How do movies fake party conversation noise?
October 18, 2009 9:43 AM   Subscribe

I recall reading in a thread about a trick used in movies to simulate the background noise of a crowd engaged in a number of separate conversations - like a party - by having a small number of people repeat a few syllables out of sync with each other. What were the details of this?
posted by srboisvert to Media & Arts (13 answers total) 11 users marked this as a favorite
Best answer: Walla
posted by Bromius at 9:47 AM on October 18, 2009 [3 favorites]

posted by cali59 at 9:48 AM on October 18, 2009

When I did drama club in HS, the director would have the background cast go "potato potato potato" over and over again in the same tone of voice. It sounded like the background conversation noise in a crowded restaurant. We tried substituting potato for "hubbub" once, but it sounded weird.
posted by Slap*Happy at 9:48 AM on October 18, 2009

Or rhubarb:
rhubarb [ˈruːbɑːb]
interj & n & vb
the noise made by actors to simulate conversation, esp by repeating the word rhubarb at random
posted by ewiar at 9:50 AM on October 18, 2009

Best answer: I have done this type of voice work, called, 'loop'. (As in they'll loop the recording as they need it.) It is long past the day that they'll let you get away with nonsense words. In fact, most times, if it is a long sequence, they will run the whole scene and record several takes of 'background'. Generally, a group of 5 - 7 actors of various ages are called to the studio. A director, (often 2nd unit or something) will brief you on the scene, say a party. If there are any highlights that need to be hit, (for example, blond woman laughing, child running by, man sitting down on couch) he'll assign them to certain actors. (I specialized in animals, children, and Cantonese.) Then they will run the scene and the actors will improvise the dialogue based on the action of the background actors, including things like sighs and 'eating' sounds'. Sometimes, you are to follow one 'character' or you are free to jump around. They might take solo takes of the woman laughing, for example to add in. It then is treated and all pushed to the back behind the regular lead dialogue.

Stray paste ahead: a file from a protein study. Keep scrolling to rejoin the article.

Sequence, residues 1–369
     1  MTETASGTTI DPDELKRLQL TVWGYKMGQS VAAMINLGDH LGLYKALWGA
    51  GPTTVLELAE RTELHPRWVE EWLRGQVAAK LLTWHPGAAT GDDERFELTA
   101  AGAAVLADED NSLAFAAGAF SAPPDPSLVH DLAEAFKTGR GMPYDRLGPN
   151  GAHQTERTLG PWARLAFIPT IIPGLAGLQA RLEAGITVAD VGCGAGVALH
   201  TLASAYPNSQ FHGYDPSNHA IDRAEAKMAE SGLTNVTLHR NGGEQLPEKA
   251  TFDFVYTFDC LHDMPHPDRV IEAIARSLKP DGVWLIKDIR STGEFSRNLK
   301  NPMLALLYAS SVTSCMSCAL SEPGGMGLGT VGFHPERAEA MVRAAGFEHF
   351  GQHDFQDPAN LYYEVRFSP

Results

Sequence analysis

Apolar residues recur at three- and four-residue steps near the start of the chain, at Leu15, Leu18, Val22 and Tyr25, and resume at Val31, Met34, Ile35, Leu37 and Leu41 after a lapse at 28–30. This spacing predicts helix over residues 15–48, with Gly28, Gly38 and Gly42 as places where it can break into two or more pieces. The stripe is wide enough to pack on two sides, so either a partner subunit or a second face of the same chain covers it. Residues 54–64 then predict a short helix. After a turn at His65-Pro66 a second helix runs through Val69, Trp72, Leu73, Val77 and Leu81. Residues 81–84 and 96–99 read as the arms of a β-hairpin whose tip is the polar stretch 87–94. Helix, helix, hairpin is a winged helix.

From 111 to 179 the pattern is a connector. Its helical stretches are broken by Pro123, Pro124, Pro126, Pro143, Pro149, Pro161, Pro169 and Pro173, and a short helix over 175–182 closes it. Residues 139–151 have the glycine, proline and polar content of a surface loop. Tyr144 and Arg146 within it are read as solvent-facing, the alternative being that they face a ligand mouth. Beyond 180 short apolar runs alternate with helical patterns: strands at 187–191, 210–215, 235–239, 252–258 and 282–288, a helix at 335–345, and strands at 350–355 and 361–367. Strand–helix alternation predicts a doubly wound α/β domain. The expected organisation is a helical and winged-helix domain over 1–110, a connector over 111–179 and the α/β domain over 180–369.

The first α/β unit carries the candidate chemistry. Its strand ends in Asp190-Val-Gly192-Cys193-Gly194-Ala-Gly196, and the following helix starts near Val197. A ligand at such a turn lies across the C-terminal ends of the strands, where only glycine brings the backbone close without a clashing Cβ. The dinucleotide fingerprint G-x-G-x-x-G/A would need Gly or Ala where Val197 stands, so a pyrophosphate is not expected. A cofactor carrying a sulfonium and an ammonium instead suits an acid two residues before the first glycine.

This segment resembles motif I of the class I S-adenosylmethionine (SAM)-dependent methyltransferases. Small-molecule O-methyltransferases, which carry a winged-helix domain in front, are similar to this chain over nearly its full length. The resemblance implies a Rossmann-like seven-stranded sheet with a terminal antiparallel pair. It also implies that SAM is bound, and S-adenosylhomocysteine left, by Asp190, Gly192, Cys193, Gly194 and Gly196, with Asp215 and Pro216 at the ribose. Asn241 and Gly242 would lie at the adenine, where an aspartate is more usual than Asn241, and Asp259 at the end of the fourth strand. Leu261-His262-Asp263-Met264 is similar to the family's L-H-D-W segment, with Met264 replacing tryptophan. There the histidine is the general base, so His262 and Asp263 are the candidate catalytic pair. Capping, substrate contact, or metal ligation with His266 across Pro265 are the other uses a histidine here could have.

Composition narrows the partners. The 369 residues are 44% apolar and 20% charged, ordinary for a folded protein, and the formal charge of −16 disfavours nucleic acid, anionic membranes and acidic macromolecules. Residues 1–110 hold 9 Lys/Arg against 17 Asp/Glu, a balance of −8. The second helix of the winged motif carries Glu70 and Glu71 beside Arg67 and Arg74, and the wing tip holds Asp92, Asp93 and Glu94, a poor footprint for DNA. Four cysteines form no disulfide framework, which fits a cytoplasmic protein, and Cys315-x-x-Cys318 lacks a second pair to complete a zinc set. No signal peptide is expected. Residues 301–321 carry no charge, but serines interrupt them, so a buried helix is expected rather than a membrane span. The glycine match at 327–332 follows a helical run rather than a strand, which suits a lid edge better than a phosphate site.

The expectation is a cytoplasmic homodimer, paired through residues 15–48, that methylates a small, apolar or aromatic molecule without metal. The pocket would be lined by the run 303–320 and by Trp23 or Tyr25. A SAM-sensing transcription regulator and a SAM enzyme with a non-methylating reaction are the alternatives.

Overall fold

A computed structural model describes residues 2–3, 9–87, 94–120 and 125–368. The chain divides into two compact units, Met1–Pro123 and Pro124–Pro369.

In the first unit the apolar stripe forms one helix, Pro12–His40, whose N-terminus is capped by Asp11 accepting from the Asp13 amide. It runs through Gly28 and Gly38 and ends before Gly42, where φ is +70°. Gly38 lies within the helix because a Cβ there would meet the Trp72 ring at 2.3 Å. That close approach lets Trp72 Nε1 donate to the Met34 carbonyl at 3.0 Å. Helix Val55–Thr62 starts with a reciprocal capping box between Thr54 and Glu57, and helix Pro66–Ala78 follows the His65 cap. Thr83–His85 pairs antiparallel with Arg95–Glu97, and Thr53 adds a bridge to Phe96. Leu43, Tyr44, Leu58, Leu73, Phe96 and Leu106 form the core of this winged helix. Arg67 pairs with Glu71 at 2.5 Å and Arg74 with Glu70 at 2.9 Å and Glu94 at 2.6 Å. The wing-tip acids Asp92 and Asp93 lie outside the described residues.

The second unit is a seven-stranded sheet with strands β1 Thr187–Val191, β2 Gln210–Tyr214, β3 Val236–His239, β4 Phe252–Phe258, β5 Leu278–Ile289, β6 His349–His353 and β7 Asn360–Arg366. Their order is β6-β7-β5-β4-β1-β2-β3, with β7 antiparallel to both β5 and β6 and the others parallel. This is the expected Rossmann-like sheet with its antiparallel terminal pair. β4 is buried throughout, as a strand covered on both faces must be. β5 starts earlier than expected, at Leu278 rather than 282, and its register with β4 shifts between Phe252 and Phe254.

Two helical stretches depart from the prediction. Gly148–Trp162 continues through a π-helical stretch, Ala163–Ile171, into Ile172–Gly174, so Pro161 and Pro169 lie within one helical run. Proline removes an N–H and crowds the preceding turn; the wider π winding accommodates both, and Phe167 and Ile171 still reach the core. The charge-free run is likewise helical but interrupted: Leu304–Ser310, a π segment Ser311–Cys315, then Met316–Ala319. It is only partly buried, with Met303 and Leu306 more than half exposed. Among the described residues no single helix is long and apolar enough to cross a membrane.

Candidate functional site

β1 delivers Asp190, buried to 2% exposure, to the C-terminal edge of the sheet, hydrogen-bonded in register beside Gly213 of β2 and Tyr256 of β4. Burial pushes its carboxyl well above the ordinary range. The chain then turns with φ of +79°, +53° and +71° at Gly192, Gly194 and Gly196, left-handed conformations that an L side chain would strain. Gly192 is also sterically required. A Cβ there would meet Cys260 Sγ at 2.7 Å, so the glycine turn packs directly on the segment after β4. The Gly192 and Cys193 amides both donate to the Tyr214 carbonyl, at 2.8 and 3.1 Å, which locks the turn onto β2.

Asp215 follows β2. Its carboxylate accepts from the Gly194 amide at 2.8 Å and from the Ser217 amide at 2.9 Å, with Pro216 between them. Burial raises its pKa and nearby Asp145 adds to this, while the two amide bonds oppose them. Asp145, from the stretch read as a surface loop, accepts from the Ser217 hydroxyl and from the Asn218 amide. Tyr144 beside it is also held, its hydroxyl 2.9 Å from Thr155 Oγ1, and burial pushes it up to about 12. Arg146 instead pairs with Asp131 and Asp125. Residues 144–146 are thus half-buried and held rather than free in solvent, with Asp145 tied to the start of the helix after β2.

posted by typewriter at 10:07 AM on October 18, 2009 [5 favorites]

We used "Inner Urban Suburban" (staggered) over and over in drama club. Worked pretty well. I have no idea why I remember this, 35 years later!
posted by ourroute at 10:24 AM on October 18, 2009

In 1989, my sister and I were considered as extras in a pizza parlor scene in the Kevin Klein movie I Love You to Death. At the time of interview we were given phrases to say to create background conversation. Mine was "strawberry pie balls" I forget what my sis's was, though, but it was equally as silly.
posted by Acacia at 2:39 PM on October 18, 2009

Crowds can make conversation sounds with watermelon, as well. Varying the pronunciation, staggering the syllables, you'll end up with a conversation like sound. As a plus, the mouth movements required make it look like you're saying several different words.

Watermelon, water melon wa terme lon?

Watermelonwa ter mel on!
posted by Ghidorah at 3:34 PM on October 18, 2009

When I was doing research for a "fake English" FPP, most of the videos I found had non-English speakers putting a lot of "R" sounds into their English-esque gibberish. Apparently that's the sound that most characterizes the language to non-speakers, something which people fluent in it might not recognize.

So based on that I'd recommend something like "rhubarb," "rutabaga," or just "rarararara."
posted by Rhaomi at 7:41 PM on October 18, 2009

Previously and Related

Or rhubarb:
rhubarb [ˈruːbɑːb]
interj & n & vb
the noise made by actors to simulate conversation, esp by repeating the word rhubarb at random

Used to maximum effect by the Monkees during the Monkee Huddle.
posted by BozoBurgerBonanza at 8:36 PM on October 18, 2009

I've heard of this as rhubarb, so nthing that.

Also, have you ever heard a movie or tv show that didn't have the background added in yet? (Like a screen or prerelease, say, but I've heard it in an episode from a DVD box set as well.) Super friggin' weird sounding, lots of foot scraping and hollowness. Whatever the word(s) used, they make a huge difference.
posted by The Monkey at 9:31 PM on October 18, 2009

Have all the actors repeat, "Rutabaga, rutabaga, Studebaker, Studebaker." (That's what I was told by my older brother -- and Why Would He Lie To Me?)
posted by wenestvedt at 9:32 AM on October 19, 2009

I read (30 years ago) something about a guy who was involved as a movie extra. If there were a crowd scene, he said half the people would say, "Natter, natter, natter". The other half would say, "Grommish, grommish, grommish".
posted by ObscureReferenceMan at 9:50 AM on October 19, 2009

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